Understanding How Project Uses Resources and Costs

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This chapter focuses on resources and costs ”understanding what resources are, how to create a resource pool, and how resource costs are calculated in Microsoft Project. You will learn how to define resources and their costs and how to define costs that are not associated with a particular resource. With this foundation, you will then be ready in ensuing chapters to assign resources and costs to tasks , modify those assignments, and resolve conflicts that arise with overallocated resources.

Although you can create a schedule in Microsoft Project without assigning resources to the tasks, such a schedule is based on the assumption that you will have all the necessary resources on hand whenever you need them ”and that assumption is rarely realistic. People take vacations , have sick leave, or have unique work schedules. Machinery and equipment need downtime for maintenance. Employees leave the organization and new ones arrive . New facilities are not ready for occupancy until midway through a project. All these are examples of situations in which a resource that is necessary to complete a task might not be available when Project schedules the task. You can make a project schedule more realistic by defining and assigning resources to tasks. At the very least, you should assign to each task the name of the person who is responsible for seeing it through to completion.

There are several major benefits of including resources in a project file:

  • If you provide the working time information for each resource, Project automatically schedules tasks only during those times.

  • After you assign resources to all the tasks, Project can help you see how many units of each resource you will need to complete the project.

  • Every project manager needs to know how much the project will cost. If you include the cost information for each resource, Project automatically calculates the cost of each resource assignment to individual tasks, and sums those costs to show the total cost of each task and the overall cost of the project. You can use these cost calculations in estimating the budget for the project.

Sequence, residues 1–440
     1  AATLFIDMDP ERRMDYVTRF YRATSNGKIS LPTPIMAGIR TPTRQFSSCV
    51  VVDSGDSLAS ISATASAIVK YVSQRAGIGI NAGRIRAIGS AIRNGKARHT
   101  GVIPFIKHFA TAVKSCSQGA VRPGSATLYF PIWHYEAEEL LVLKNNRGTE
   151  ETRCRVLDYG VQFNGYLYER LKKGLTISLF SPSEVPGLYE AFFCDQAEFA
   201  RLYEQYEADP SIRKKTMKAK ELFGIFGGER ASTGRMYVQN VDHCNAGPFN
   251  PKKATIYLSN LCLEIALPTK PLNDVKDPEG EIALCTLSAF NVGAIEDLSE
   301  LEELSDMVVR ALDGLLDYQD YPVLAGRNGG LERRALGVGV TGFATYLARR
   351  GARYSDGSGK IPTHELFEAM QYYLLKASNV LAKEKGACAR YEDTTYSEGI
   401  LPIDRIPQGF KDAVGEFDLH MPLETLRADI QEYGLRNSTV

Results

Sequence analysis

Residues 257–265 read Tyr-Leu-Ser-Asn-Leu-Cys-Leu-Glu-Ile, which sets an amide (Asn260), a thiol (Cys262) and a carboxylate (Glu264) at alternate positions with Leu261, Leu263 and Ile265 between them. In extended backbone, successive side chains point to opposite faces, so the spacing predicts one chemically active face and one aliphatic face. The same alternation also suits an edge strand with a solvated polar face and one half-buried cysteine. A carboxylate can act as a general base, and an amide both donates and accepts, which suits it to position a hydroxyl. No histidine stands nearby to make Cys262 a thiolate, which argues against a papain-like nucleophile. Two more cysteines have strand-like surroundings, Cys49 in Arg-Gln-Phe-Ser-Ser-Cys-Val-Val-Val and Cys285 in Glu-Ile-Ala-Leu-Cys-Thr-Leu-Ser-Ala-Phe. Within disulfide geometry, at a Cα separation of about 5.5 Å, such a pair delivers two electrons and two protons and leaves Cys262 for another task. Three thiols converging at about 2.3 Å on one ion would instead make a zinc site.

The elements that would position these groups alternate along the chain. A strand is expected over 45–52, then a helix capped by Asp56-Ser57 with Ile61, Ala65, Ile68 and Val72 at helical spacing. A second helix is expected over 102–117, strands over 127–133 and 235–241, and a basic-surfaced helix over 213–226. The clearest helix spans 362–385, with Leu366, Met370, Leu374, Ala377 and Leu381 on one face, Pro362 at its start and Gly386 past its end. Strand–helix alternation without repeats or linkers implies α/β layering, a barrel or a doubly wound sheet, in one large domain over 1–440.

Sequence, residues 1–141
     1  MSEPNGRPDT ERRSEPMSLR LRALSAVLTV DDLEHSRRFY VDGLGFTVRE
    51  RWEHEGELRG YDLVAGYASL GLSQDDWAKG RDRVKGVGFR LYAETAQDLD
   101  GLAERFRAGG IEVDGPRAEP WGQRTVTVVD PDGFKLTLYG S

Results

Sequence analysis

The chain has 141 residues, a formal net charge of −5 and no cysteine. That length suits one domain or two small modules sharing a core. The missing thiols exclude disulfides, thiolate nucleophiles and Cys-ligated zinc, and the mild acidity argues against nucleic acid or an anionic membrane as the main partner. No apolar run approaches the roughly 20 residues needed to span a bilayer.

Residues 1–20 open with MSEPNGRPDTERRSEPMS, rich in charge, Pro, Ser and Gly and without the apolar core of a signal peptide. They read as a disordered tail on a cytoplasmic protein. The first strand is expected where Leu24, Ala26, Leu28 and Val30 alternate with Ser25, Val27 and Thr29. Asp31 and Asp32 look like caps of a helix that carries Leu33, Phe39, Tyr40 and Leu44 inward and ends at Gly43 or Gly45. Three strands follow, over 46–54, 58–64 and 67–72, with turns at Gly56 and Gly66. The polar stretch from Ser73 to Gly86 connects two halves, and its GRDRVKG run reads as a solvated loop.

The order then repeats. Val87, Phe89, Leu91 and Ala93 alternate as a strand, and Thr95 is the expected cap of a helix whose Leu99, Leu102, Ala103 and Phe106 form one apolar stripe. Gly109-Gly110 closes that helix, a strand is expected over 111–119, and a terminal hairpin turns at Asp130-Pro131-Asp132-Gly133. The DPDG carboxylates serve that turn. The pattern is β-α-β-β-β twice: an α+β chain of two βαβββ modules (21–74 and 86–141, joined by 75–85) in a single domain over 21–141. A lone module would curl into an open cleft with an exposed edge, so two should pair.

You can define a comprehensive list of resources at the outset, including resource cost rates and availability information. Later, you will assign these resources to tasks. Alternatively, you can define the resources as you create the tasks, while you are thinking about how the work will be done. When you assign new resource names to a task, Project adds these names to the list of resources (see Figure 8.1). If you create resources on-the-fly , you must remember to go back later and enter the resource cost rates and availability information.

Figure 8.1. The list of resources includes information about the availability and cost of using the resources.

graphics/08fig01.jpg

NOTE

The Automatically Add New Resources and Tasks option (which is available on the General tab of the Options dialog box) determines how Project treats undefined resources that you assign to tasks. See the section "Setting the Automatically Add New Resources and Tasks Option," later in this chapter, to learn about the hazards of using this option.


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Special Edition Using Microsoft Office Project 2003
Special Edition Using Microsoft Office Project 2003
ISBN: 0789730723
EAN: 2147483647
Year: 2004
Pages: 283
Authors: Tim Pyron

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